We are all different and will all have different stories, but one thing remains the same: we all need to be kind to ourselves. After I gave birth it was the first time in my life I really cursed my career choice because as a single mother my income depended on my body size (not on my feelings) and with no maternity pay, I had to get back to clothes-horse size pretty quickly.

I use the term clotheshorse here because during this time I really began to realize how ridiculous my job can be sometimes and how much pressure I placed on myself. But please listen because I was the crazy new mum that did crazy things so you don’t have to.

Learning to love my post-baby body was the first time I had ever consciously loved my body. I now respect my body, which was something I certainly never did before. I thought about how much I cherished and nurtured my body with a baby growing inside it and wondered why I didn't feel that way all the time, especially when the baby came out.

The fact that I would always put someone else first, especially my baby, was very telling about the nature and journey of motherhood. Just look at how any animal protects its young – there is simply nothing you wouldn't risk or do to protect your newborn, even when it's inside you. It’s natural to protect both your unborn child and your newborn, but we have to make the space to protect and mind ourselves too.

If you don’t create that space for yourself, you’ll become exhausted and resentful and those feelings will threaten you and your family’s happiness. It benefits everyone when you take a sensible approach to parenting and ‘me time’.

It took time, baby steps and a lot of hard work but I have now learned to love and respect my new body. It was difficult, but I think it’s probably difficult for every woman. It’s all too easy to wear the slouchy clothes, eat the sugary foods and tell yourself it’s for the good of your baby. That will be fine for a few weeks, but inevitably it will catch up on you and you’ll find yourself with low energy, up-and-down hormones, bad skin and weight gain.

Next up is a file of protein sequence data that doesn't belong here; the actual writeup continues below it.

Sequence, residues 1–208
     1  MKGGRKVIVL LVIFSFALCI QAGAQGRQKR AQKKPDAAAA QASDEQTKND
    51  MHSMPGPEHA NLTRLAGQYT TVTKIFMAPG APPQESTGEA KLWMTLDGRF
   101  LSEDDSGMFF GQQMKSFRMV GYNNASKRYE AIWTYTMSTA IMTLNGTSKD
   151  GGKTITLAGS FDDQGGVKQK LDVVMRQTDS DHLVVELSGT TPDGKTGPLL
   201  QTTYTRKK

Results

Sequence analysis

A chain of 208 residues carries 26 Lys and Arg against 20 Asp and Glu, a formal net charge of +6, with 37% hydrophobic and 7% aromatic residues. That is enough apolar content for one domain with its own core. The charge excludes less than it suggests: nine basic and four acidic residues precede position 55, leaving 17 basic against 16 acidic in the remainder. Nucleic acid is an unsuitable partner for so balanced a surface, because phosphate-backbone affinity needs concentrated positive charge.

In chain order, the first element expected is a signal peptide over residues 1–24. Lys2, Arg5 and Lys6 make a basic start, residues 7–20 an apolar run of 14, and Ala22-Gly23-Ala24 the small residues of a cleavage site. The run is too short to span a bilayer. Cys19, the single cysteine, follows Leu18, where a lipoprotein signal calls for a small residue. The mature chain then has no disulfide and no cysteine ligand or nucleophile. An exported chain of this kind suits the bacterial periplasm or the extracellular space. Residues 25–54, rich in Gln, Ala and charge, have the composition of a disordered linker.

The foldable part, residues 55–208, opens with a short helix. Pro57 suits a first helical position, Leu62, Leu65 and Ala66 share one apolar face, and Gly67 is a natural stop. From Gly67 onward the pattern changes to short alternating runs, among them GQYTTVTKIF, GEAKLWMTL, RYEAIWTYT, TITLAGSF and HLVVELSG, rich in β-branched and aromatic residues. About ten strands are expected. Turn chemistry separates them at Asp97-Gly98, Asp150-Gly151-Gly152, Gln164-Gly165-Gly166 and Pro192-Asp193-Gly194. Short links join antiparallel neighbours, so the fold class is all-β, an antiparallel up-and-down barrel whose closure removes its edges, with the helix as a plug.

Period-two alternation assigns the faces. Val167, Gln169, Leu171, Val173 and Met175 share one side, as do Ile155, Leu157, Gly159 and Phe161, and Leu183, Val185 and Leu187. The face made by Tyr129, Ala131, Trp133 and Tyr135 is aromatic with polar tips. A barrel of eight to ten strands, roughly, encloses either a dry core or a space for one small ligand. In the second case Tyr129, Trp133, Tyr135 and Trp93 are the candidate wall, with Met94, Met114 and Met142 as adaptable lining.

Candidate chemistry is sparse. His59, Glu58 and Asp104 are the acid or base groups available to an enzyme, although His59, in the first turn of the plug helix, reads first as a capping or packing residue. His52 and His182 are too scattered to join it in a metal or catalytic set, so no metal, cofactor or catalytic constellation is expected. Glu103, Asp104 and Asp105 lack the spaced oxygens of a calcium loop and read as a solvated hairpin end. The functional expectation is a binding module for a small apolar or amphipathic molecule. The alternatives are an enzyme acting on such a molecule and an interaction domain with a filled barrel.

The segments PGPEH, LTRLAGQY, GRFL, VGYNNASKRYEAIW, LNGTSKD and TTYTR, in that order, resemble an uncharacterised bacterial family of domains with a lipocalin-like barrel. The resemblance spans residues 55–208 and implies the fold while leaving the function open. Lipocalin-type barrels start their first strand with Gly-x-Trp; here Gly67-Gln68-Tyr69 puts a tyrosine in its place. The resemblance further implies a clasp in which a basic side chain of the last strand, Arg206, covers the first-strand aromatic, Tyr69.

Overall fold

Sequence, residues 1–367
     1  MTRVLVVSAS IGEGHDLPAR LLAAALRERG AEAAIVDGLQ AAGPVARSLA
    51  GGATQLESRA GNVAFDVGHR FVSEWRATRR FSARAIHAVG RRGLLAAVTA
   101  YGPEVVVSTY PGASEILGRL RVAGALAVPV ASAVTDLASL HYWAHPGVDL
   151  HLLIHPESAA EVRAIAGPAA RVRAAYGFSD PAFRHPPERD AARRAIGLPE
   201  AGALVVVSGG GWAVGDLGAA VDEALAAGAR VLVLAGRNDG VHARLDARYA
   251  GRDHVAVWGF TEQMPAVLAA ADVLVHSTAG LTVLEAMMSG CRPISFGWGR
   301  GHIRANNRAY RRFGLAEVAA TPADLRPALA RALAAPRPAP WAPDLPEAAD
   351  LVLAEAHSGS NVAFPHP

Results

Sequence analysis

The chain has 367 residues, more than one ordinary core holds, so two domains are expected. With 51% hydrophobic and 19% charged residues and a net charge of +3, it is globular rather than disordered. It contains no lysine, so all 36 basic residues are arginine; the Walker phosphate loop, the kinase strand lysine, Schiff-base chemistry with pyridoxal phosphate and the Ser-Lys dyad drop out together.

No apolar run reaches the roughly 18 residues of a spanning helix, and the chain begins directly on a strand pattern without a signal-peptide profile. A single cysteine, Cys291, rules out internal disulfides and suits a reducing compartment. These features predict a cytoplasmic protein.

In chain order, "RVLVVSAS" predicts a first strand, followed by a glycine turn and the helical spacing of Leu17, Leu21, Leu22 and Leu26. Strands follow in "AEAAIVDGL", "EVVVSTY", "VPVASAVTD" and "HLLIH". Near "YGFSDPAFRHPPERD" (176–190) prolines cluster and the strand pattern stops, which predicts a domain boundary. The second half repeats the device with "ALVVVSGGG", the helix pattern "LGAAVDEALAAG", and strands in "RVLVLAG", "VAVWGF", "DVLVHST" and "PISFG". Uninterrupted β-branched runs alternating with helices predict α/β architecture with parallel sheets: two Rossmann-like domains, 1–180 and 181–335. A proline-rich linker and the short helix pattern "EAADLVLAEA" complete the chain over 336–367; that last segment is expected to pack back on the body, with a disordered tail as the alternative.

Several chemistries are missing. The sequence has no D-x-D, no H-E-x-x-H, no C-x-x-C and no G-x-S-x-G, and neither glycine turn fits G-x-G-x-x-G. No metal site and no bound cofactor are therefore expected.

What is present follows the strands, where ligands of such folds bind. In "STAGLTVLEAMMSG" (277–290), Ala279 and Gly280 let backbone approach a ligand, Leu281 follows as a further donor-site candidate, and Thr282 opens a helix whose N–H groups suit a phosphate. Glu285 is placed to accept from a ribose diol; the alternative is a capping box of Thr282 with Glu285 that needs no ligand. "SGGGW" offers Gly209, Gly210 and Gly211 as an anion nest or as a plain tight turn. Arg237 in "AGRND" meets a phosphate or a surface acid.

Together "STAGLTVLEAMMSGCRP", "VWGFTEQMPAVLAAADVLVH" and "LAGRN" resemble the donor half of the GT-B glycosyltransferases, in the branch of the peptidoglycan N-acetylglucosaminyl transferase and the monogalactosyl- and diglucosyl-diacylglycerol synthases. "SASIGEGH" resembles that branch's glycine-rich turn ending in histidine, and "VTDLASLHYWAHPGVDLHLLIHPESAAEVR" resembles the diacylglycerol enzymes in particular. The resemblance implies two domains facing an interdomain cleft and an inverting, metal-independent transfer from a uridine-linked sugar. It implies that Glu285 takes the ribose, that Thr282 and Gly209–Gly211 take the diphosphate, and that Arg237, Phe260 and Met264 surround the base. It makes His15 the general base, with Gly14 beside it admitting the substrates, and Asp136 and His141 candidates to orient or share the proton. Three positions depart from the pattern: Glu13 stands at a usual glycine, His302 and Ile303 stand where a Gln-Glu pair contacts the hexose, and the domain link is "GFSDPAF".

Those things will, in turn, make you feel awful about yourself, and you might well try to drown those bad thoughts in ice cream, chocolate or wine. It’s a truly vicious cycle. The good news is you have the power to smash through that cycle right now and change how you feel.

So I’m giving you permission to congratulate your body and give it some R&R, feel free to take it for naps, rub cream on it, wear comfy clothes and you can even take it out for a few hours or on a day trip to a spa for some treatments. Why? Because you deserve it! 

I often hear mums say (and indeed I said it myself), ‘I wish I had my pre-baby body back’, but can you honestly tell me you didn't moan about your pre-baby body, too? Once you have given your body time to really heal and recover, then you can begin getting used to your new body and learn to love and accept it.

No one’s body is the same and no one can look exactly like someone else but by living healthy and eating well you can be the best you that there is. Living healthy will also increase your confidence and help you to feel better and who doesn’t want that?

Alison’s book Minding Mum shares the tips and tricks she’s picked up on her journey through new motherhood and post-natal depression. She looks at the reality of a post-birth body and how it affects our own body image, as well as the importance of good food, exercise and making time for yourself and your own dreams, big or small.